About Writer and Director Steve McQueen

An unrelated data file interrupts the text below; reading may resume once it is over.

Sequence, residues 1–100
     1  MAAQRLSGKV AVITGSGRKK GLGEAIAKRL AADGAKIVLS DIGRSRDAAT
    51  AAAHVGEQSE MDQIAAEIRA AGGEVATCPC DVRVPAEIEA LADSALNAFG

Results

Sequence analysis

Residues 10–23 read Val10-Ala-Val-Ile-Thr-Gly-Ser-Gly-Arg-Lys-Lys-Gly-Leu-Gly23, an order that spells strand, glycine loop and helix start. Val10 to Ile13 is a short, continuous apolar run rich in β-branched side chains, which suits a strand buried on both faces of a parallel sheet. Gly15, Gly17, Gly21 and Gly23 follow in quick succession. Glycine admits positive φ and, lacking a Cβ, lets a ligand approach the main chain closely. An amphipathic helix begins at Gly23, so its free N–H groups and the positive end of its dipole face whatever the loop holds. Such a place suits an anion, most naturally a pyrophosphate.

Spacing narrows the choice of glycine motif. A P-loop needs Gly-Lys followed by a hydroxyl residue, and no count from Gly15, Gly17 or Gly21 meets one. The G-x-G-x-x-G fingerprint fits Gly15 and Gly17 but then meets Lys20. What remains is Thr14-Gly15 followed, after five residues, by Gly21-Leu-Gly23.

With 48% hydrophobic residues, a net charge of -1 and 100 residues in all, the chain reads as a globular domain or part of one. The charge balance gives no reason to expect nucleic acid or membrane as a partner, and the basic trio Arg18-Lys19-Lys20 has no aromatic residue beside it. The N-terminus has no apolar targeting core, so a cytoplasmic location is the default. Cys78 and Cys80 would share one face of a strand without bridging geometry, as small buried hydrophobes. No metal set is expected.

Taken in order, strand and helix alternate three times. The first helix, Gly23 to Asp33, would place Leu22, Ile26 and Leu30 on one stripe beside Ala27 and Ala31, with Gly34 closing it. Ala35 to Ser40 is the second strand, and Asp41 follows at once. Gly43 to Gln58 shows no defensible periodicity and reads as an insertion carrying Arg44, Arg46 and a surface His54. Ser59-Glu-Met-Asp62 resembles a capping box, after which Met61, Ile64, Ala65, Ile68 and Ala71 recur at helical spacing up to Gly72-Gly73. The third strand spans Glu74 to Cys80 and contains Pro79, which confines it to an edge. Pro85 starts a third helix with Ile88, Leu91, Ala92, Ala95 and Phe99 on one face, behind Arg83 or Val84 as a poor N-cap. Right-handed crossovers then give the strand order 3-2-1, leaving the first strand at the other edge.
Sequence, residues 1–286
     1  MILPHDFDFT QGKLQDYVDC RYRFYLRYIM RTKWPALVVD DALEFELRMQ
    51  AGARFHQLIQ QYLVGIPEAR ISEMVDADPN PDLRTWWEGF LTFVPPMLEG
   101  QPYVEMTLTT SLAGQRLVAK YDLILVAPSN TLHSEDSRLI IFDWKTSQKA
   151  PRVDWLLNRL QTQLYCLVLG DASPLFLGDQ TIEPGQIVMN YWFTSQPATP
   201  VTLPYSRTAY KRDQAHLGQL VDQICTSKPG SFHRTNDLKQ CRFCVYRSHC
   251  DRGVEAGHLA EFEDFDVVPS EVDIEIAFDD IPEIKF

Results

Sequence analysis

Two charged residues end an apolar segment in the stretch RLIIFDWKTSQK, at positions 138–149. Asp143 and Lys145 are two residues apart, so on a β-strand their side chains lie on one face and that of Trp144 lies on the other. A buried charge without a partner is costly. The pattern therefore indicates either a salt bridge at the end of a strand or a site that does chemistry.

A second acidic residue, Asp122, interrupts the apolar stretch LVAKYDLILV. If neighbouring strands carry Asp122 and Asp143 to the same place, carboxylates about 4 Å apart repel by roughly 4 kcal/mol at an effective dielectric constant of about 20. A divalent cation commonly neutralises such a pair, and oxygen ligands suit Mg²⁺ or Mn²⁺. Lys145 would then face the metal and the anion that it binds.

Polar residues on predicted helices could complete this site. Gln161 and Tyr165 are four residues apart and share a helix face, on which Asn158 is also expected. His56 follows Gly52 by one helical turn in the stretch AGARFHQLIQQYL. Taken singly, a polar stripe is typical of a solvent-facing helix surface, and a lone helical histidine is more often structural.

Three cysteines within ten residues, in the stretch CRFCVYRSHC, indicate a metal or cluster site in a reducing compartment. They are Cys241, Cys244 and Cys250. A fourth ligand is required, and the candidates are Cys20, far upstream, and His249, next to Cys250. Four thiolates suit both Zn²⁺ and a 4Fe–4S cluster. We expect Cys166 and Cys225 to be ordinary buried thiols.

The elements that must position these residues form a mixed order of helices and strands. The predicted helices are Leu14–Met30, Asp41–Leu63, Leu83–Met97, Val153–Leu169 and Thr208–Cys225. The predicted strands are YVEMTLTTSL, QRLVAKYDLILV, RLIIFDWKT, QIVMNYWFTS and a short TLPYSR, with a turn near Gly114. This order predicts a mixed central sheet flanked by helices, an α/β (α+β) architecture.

Born in London, England in 1969, Steve McQueen is an artist, film director, and screenwriter currently based in London and Amsterdam. His themes are universal and often focus on painful biographies. McQueen has mastered the art of minimalist storytelling to deliver the utmost impact on his viewers. In his own words he “wants to put the public in a situation where everyone becomes acutely sensitive to themselves, to their body and respiration.” He has directed four feature films, most recently “Widows” (2018). His first, “Hunger” (2008), was awarded the Caméra d’Or at the Cannes Film Festival, and his third, “12 Years a Slave” (2013), received the Golden Globe, Oscar, and BAFTA awards for best picture in 2014. Celebrated internationally for his art, McQueen has been featured in “Documenta” (1997 and 2002), represented the national pavilion of Great Britain at the Fifty-Third Venice Biennale in 2009, and been selected several times for the Venice Biennale’s central pavilion (2003, 2007, 2013, and 2015). Solo exhibitions of his work have been held at the Art Institute of Chicago (2012) and Schaulager, Basel (2013); and at the Whitworth Art Gallery, Manchester; the Museum of Modern Art, New York; and the Institute of Contemporary Art, Boston (all 2017). In 2019 he presented Year 3, a portrait of an entire age group of London schoolchildren, at Tate Britain, London. In February 2020 a major solo exhibition opened at the Tate Modern, London. ( His most recent work “Small Axe” a 5-part film series was released in 2020.